A statement that both rattled and united the beauty industry is, “Your profits will never be worth promoting hate, bigotry, racism, antisemitism, and violence.”
As of July 2020, 500 brands have pledged their support to the “Stop Hate for Profit” campaign, responsible for the infamous statement. This has severely altered the strategies on social media marketing for beauty brands.
The “Stop Hate for Profit” campaign is against Facebook’s negligence in regard to the civil rights infrastructure. The multibillion-dollar company has been requested on multiple occasions to implement and empower these rights in its C-suite with a concentration in removing targeted advertisements in the vicinity of any form of hate speech, bigotry, and violence.
But this humble request of the “Stop Hate for Profit” campaign to Facebook for respecting and upholding the terms and services of the brands it places an advertisement for has been brushed-off, if not blatantly ignored.
The importance of paid social media advertising for beauty brands
To understand the gravity of this boycott, we need to consider the importance of paid social media advertising for beauty brands. Social media platforms have become billion-dollar companies, and one of their major earnings lies in the revenue they collect from placing advertisements on their platform.
Beauty and personal care have been an imperative aspect of the FMCG industry, especially in recent years. The quite significant role of social media is enhancing the targeting, amplifying the brand reach, and gathering marketing insights.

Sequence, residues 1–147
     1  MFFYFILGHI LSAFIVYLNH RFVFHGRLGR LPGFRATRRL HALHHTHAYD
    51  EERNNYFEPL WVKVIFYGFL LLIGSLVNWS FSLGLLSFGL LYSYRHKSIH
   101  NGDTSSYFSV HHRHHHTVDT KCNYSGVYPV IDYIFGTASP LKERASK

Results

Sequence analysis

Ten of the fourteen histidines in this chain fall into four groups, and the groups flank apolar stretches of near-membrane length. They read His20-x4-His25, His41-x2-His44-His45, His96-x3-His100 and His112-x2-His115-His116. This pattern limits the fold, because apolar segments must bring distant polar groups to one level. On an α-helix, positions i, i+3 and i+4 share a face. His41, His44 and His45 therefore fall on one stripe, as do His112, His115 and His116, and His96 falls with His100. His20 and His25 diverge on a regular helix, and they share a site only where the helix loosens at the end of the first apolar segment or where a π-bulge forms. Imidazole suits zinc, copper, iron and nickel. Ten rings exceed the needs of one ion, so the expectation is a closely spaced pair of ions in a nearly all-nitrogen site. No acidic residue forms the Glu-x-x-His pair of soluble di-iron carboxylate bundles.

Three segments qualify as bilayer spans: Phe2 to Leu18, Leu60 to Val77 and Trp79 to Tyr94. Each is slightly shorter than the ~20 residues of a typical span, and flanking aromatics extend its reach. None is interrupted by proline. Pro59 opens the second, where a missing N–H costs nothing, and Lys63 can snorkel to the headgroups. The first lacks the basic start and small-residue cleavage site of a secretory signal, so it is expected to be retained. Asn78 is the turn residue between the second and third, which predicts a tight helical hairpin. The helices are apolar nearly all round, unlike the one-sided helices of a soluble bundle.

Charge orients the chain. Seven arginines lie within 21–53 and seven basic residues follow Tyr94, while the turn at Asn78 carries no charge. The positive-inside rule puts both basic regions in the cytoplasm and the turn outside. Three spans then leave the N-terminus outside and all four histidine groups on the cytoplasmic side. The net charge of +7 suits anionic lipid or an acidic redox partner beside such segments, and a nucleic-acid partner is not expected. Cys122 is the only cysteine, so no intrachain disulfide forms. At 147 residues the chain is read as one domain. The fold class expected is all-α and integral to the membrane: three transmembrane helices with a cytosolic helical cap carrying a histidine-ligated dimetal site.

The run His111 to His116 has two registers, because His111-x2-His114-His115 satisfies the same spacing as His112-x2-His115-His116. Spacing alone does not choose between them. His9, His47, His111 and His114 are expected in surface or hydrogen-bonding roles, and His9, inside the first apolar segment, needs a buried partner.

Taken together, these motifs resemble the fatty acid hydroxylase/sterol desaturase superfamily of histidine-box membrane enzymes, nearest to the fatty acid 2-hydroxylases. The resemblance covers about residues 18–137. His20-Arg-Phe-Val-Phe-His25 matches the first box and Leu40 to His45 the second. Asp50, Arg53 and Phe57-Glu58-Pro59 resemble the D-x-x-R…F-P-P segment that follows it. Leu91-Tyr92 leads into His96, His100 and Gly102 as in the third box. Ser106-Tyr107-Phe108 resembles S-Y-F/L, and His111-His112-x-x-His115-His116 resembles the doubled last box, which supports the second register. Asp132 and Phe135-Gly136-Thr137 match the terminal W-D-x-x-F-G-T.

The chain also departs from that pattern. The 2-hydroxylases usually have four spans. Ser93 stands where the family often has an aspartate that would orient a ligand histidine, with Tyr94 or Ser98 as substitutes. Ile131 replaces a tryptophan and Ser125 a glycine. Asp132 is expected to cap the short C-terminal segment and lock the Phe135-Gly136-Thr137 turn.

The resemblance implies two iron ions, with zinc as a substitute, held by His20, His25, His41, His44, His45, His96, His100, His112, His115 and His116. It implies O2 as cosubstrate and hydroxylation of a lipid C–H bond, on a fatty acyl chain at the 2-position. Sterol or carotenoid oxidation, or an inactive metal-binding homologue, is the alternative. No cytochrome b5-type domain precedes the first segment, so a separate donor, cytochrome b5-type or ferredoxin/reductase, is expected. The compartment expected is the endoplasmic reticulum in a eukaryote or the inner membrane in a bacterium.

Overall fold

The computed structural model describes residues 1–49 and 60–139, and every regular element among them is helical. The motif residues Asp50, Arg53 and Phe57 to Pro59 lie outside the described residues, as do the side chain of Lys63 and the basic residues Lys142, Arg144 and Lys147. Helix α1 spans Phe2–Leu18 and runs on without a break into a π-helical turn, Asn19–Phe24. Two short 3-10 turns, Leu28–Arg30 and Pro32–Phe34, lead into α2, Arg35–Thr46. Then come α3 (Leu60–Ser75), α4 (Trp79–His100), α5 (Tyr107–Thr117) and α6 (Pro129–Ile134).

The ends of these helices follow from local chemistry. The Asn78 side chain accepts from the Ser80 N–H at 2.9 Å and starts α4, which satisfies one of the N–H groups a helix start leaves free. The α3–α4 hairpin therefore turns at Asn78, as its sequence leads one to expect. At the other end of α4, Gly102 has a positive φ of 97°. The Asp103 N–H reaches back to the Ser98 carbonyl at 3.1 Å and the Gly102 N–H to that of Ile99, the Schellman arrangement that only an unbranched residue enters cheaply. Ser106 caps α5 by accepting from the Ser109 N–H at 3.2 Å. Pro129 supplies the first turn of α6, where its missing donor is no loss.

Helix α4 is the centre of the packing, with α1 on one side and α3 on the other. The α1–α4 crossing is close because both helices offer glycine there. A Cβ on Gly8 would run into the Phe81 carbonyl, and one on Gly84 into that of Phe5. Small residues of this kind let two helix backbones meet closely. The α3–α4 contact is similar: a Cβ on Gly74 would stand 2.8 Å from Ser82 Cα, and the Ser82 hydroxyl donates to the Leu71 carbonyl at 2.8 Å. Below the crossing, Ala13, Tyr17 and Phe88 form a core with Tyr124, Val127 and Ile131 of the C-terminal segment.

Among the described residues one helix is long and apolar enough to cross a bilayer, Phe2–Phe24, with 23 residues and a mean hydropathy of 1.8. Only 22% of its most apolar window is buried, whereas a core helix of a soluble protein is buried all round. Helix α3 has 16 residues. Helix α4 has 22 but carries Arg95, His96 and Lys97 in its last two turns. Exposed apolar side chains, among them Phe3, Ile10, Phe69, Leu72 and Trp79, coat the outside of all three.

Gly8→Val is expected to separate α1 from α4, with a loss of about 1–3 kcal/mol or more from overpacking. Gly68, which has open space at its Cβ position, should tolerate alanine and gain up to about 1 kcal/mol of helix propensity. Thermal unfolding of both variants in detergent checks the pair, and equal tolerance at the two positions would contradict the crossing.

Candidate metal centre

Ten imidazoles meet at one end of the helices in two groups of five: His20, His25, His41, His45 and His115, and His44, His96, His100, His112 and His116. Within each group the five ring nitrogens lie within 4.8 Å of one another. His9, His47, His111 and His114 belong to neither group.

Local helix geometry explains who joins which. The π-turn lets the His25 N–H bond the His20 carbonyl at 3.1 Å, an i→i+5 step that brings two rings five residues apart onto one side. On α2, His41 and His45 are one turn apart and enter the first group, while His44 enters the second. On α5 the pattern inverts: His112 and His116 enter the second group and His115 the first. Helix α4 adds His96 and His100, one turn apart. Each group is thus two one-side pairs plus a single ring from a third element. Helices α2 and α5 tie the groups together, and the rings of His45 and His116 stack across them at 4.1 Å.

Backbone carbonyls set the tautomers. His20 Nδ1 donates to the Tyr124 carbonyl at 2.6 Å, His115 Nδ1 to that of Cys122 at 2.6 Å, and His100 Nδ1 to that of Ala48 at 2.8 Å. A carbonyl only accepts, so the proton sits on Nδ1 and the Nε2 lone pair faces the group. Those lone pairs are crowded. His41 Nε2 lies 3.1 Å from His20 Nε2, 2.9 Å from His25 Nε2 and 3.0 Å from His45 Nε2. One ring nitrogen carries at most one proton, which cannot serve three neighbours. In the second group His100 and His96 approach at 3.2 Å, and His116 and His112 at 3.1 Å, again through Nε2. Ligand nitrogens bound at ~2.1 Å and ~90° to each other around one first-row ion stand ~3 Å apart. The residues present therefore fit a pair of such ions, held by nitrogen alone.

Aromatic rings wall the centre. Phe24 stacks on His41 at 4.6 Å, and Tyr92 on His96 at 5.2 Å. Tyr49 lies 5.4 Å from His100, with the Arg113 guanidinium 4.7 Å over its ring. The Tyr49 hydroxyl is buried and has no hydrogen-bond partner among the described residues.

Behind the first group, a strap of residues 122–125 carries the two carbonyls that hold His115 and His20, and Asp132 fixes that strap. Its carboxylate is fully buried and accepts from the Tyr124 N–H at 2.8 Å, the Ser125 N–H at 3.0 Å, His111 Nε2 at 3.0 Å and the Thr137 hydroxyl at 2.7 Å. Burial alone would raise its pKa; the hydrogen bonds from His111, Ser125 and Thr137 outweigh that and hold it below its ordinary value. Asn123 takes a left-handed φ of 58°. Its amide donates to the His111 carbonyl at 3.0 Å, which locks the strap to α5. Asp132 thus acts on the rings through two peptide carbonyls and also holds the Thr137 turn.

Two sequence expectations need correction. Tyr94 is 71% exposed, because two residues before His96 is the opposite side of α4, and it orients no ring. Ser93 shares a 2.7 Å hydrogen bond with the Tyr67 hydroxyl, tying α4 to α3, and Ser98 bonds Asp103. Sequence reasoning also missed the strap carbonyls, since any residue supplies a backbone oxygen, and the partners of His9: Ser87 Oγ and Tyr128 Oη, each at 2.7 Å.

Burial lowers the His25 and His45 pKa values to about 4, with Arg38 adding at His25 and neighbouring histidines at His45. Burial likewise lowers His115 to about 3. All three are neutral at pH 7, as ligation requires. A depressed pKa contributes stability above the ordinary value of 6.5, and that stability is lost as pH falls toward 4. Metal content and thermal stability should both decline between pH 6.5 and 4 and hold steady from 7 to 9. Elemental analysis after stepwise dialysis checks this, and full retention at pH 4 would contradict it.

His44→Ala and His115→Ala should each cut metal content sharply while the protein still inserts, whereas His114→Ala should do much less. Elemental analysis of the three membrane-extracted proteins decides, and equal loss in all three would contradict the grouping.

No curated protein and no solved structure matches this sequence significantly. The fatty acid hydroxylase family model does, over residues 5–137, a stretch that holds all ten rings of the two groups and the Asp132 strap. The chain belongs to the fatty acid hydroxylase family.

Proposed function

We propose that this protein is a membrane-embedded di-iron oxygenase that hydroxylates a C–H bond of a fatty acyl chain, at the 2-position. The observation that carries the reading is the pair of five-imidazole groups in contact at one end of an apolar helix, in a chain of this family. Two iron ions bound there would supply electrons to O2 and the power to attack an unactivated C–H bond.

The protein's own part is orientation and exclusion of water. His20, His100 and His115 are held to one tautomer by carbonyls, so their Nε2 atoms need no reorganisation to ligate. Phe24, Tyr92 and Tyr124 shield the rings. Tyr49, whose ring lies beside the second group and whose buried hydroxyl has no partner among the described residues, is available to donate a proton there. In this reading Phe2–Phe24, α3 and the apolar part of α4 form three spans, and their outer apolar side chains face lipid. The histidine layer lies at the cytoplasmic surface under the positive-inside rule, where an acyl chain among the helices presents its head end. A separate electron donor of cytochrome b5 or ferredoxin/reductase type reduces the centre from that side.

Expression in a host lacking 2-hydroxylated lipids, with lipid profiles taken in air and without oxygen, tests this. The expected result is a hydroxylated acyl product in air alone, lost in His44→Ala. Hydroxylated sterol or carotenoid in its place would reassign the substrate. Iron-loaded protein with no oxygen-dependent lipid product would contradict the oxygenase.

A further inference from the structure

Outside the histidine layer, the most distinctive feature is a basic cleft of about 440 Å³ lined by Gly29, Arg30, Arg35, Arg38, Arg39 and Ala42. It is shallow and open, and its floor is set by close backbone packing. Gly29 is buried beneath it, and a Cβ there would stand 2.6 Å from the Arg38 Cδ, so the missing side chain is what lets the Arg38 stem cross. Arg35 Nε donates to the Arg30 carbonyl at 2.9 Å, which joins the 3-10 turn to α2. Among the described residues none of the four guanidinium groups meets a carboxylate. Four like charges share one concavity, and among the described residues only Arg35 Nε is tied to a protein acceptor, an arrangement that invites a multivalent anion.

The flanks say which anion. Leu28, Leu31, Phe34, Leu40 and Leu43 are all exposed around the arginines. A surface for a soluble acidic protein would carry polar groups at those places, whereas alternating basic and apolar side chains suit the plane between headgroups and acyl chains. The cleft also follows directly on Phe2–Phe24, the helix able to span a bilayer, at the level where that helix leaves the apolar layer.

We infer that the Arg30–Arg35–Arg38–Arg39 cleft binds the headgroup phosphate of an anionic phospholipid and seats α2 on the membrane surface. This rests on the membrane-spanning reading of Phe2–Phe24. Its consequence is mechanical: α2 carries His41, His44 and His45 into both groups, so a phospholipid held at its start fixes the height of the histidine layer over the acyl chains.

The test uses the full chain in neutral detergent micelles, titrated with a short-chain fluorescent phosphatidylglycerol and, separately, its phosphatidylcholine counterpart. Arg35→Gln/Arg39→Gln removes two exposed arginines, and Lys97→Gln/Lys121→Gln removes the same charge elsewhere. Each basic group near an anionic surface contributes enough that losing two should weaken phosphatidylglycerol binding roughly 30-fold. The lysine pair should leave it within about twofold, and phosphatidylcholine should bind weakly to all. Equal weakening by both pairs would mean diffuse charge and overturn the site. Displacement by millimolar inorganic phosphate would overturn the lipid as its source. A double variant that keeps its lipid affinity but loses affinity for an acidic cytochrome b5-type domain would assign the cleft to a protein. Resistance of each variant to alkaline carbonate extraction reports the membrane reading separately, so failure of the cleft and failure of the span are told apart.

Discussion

Brands are often looking for ways on how to promote beauty products on social media, which is the most worthwhile in terms of brand recognition and profit. Then why are these beauty brands pledging to support the campaign? Even more so, when their support to the “Stop Hate for Profit” campaign means to boycott social media advertisements and to be responsible for the absence of targeted ads of their company.
Social media marketing for beauty brands has been one of the most lucrative forms of marketing their products since the rise of the internet, and Facebook and its subsidiary, Instagram, have been the most used platform for such marketing.
However, some of the biggest brands such as Unilever and Birchbox have publicly announced to hold off on all forms of advertisements from Facebook, Instagram, and Twitter, with many beauty brands following suit.
Unilever announced that the personal care brand would remove all ads from Instagram, Facebook, and Twitter throughout the year in support of the campaign. Unilever spent over $8 billion on social media marketing last year, $42.3 million on Facebook ads.
Similarly, Birchbox took to Instagram to post, “We want Facebook to acknowledge this demand for change and to commit to making the necessary changes on StopHateforProfit.org.”
How did the “Stop Hate for Profit” Campaign begin?
The harrowing killing of George Floyd opened a Pandora’s Box of racism, injustices, and bigotry that had been prevalent but uncared globally. This was when humanity won over paid social media advertising.
While we recognize the value that Facebook provides in connecting people of color with one another, we call into question a platform that profits from the suppression of Black votes or Black voices.Derrick Johnson, CEO of NAACP
By boycotting one of the most central boulevards for adverts, the brands supporting the “Stop Hate for Profit” campaign are choosing to put humanity above their billions. When these brands deny Facebook and its contemporaries business of large parts of their revenue, these corporations are forced to consider the civil rights infrastructure they have been ignoring.
Following the campaign, Facebook stocks have plummeted by over $60 billion. Since then, the company has pledged to bring changes in its advertisement policies.